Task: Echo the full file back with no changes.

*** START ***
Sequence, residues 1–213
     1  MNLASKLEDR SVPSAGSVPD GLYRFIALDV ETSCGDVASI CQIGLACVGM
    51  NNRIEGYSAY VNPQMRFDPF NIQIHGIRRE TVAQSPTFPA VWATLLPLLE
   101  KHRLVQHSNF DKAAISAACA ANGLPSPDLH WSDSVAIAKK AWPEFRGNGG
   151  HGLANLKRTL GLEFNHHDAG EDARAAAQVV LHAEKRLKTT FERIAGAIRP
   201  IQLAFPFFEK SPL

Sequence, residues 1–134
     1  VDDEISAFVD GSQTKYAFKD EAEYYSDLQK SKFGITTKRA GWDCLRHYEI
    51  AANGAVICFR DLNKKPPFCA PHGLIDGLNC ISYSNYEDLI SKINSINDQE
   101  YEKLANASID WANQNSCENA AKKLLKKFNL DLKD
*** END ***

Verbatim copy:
Sequence, residues 1–213
     1  MNLASKLEDR SVPSAGSVPD GLYRFIALDV ETSCGDVASI CQIGLACVGM
    51  NNRIEGYSAY VNPQMRFDPF NIQIHGIRRE TVAQSPTFPA VWATLLPLLE
   101  KHRLVQHSNF DKAAISAACA ANGLPSPDLH WSDSVAIAKK AWPEFRGNGG
   151  HGLANLKRTL GLEFNHHDAG EDARAAAQVV LHAEKRLKTT FERIAGAIRP
   201  IQLAFPFFEK SPL

Sequence, residues 1–134
     1  VDDEISAFVD GSQTKYAFKD EAEYYSDLQK SKFGITTKRA GWDCLRHYEI
    51  AANGAVICFR DLNKKPPFCA PHGLIDGLNC ISYSNYEDLI SKINSINDQE
   101  YEKLANASID WANQNSCENA AKKLLKKFNL DLKD